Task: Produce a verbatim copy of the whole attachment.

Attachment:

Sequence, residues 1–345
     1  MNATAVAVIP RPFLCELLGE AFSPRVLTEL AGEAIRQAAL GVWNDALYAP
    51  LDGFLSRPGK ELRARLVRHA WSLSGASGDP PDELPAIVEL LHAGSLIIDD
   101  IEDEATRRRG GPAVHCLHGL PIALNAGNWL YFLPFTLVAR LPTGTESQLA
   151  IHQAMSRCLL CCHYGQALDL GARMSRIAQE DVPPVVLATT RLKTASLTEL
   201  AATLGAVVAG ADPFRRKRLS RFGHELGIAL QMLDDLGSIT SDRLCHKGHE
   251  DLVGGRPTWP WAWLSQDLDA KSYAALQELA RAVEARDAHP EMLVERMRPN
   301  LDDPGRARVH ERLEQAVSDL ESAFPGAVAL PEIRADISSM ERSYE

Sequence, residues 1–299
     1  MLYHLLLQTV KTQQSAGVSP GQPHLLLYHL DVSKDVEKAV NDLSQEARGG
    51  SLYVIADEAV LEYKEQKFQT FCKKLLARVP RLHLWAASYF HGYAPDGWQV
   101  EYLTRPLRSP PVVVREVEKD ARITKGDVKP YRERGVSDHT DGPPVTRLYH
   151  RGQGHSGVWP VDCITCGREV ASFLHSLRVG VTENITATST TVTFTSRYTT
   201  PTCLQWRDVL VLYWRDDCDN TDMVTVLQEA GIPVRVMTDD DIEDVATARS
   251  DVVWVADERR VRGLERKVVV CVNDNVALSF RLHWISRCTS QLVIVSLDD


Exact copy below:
Sequence, residues 1–345
     1  MNATAVAVIP RPFLCELLGE AFSPRVLTEL AGEAIRQAAL GVWNDALYAP
    51  LDGFLSRPGK ELRARLVRHA WSLSGASGDP PDELPAIVEL LHAGSLIIDD
   101  IEDEATRRRG GPAVHCLHGL PIALNAGNWL YFLPFTLVAR LPTGTESQLA
   151  IHQAMSRCLL CCHYGQALDL GARMSRIAQE DVPPVVLATT RLKTASLTEL
   201  AATLGAVVAG ADPFRRKRLS RFGHELGIAL QMLDDLGSIT SDRLCHKGHE
   251  DLVGGRPTWP WAWLSQDLDA KSYAALQELA RAVEARDAHP EMLVERMRPN
   301  LDDPGRARVH ERLEQAVSDL ESAFPGAVAL PEIRADISSM ERSYE

Sequence, residues 1–299
     1  MLYHLLLQTV KTQQSAGVSP GQPHLLLYHL DVSKDVEKAV NDLSQEARGG
    51  SLYVIADEAV LEYKEQKFQT FCKKLLARVP RLHLWAASYF HGYAPDGWQV
   101  EYLTRPLRSP PVVVREVEKD ARITKGDVKP YRERGVSDHT DGPPVTRLYH
   151  RGQGHSGVWP VDCITCGREV ASFLHSLRVG VTENITATST TVTFTSRYTT
   201  PTCLQWRDVL VLYWRDDCDN TDMVTVLQEA GIPVRVMTDD DIEDVATARS
   251  DVVWVADERR VRGLERKVVV CVNDNVALSF RLHWISRCTS QLVIVSLDD